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Return on investment from childhood immunization in low- and middle-income countries, 2011-20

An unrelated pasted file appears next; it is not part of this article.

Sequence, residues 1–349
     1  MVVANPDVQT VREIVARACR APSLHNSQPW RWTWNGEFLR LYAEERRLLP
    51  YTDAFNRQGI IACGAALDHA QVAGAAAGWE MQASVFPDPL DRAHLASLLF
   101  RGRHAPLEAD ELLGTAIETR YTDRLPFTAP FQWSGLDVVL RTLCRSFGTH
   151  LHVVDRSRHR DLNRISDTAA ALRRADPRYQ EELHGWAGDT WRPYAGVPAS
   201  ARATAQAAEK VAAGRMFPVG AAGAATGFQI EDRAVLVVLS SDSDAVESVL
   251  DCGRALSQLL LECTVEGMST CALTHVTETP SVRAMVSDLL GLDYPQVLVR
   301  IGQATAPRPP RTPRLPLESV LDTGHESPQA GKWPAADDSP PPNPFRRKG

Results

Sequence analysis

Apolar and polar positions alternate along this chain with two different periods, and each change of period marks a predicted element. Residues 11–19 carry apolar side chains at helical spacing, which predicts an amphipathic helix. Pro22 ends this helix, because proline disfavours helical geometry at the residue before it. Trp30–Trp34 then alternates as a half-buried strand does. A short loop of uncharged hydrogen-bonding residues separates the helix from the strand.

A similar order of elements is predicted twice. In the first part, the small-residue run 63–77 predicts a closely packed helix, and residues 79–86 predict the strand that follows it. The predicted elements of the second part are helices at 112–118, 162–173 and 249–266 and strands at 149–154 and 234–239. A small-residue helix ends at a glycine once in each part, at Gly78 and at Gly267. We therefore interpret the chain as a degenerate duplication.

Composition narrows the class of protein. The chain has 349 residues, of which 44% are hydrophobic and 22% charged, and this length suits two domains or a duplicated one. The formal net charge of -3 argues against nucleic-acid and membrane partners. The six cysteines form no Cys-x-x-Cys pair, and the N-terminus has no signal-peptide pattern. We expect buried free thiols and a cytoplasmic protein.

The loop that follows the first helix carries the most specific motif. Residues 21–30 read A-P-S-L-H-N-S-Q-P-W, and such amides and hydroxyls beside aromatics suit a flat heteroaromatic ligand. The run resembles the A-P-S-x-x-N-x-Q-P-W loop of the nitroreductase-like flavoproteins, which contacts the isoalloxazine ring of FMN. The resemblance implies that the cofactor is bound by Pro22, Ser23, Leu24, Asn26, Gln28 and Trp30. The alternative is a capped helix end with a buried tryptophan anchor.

An analysis of return on investment can help policy makers support, optimize, and advocate for the expansion of immunization programs in the world’s poorest countries. We assessed the return on investment associated with achieving projected coverage levels for vaccinations to prevent diseases related to ten antigens in ninety-four low- and middle-income countries during 2011–20, the Decade of Vaccines. We derived these estimates by using costs of vaccines, supply chains, and service delivery and their associated economic benefits. Based on the costs of illnesses averted, we estimated that projected immunizations will yield a net return about 16 times greater than costs over the decade (uncertainty range: 10–25). Using a full-income approach, which quantifies the value that people place on living longer and healthier lives, we found that net returns amounted to 44 times the costs (uncertainty range: 27–67). Across all antigens, net returns were greater than costs. But to realize the substantial positive return on investment from immunization programs, it is essential that governments and donors provide the requisite investments.

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